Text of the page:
Blog: A car barely alive, we can rebuild it, we have the technology…
Dave Leggett | 8 June 2005
Remember Lee Majors, the actor who played Steve Austin, the bionic man, in the 1970s US-made TV show, 'The Six Million Dollar Man' (that sum was the cost of his bionic upgrade)? Well, he popped up last night on TV in an ad for the IBM Think Pad laptop that I caught for the first time.
The commercial itself was a slightly laboured affair actually, but it was nice to see the old fella again. The years – or the plastic surgeon’s knife - appear to have been kind to Mr Majors (I wonder what Farah Fawcett-Majors is up to these days and how well she has worn…?).
Where am I going with this? Please bear with me.
The ‘bionic man’ - some of you may recall - had a physiology that was augmented with some mechanical/electronic parts so that he had much more physical strength and could run much faster than people made wholly of flesh and blood. The bionic man was like a secret government weapon and a force for good that always foiled the bad guys’ plans. But the word ‘bionic’ was forever imprinted in the memory banks of a generation of British children, like myself, from that period - and the word bionic is a word that you don’t encounter very often.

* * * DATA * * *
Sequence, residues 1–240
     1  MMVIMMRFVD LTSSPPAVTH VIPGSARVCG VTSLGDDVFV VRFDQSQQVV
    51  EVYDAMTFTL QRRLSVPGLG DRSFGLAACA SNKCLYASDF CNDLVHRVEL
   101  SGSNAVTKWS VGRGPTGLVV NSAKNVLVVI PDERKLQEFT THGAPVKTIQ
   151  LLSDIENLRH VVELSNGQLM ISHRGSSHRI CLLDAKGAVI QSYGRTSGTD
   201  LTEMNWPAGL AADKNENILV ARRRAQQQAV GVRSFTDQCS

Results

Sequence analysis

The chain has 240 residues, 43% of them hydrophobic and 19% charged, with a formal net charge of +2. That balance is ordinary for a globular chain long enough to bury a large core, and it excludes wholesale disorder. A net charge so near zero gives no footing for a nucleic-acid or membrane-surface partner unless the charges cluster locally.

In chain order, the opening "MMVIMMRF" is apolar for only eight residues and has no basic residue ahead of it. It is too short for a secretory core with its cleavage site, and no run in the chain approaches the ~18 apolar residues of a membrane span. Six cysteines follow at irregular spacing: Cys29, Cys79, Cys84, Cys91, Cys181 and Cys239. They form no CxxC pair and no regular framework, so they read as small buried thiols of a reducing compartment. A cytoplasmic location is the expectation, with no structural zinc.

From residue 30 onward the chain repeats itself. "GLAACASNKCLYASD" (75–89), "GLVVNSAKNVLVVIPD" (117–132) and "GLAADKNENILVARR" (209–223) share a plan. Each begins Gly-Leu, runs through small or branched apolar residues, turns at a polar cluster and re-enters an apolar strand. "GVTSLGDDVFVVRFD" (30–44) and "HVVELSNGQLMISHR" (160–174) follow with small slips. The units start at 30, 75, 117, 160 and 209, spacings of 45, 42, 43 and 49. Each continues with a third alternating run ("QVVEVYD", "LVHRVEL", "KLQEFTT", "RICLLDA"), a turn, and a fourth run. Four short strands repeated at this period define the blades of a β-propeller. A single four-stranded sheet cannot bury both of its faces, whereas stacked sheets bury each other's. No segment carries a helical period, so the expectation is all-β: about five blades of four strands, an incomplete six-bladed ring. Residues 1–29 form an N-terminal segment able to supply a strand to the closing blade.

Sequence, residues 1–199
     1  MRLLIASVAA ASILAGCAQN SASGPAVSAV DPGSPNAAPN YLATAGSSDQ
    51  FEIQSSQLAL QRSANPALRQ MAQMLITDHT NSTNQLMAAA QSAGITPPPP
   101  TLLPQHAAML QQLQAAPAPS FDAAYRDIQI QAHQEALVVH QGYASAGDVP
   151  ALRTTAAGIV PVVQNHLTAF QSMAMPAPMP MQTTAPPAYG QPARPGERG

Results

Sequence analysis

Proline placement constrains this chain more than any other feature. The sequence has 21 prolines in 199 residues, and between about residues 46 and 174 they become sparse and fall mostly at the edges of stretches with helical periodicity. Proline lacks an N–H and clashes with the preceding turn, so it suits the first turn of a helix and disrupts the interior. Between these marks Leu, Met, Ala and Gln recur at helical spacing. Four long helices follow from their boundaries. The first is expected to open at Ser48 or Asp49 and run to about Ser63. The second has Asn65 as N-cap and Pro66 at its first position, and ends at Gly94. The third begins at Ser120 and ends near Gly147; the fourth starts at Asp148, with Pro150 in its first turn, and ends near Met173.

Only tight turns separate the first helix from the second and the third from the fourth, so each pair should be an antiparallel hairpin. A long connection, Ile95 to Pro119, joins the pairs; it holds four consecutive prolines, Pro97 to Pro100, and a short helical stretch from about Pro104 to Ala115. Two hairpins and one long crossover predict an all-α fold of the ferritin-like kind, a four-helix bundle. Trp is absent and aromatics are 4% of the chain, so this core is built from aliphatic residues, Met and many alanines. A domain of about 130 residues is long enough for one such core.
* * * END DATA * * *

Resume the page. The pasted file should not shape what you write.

So, imagine my surprise this morning – hot on the heels of the nostalgia trip provided by the Majors ad on TV - to see that DaimlerChrysler has come up with what it calls a ‘bionic car’.
But hang on a minute, how would that work – a car not being part of the animal world to start with? I’m not sure and strictly speaking, I don’t think a car based on the design of a boxfish qualifies as 'bionic' on the dictionary definition of the word. It's a kind of reverse-engineered corruption of the word's meaning. Also, I don’t think the claimed first for taking a specific form from nature for a car design is quite right – what about Ferdinand Porsche's pre-war KdF (Kraft durch Freude - Strength through Joy) Wagen that became the VW Beetle?
Nevertheless, it's an interesting idea and I'm sure the marketing people would have a lot of fun with selling a 'bionic car'.
What other possibilities might there be besides the boxfish, I wonder?
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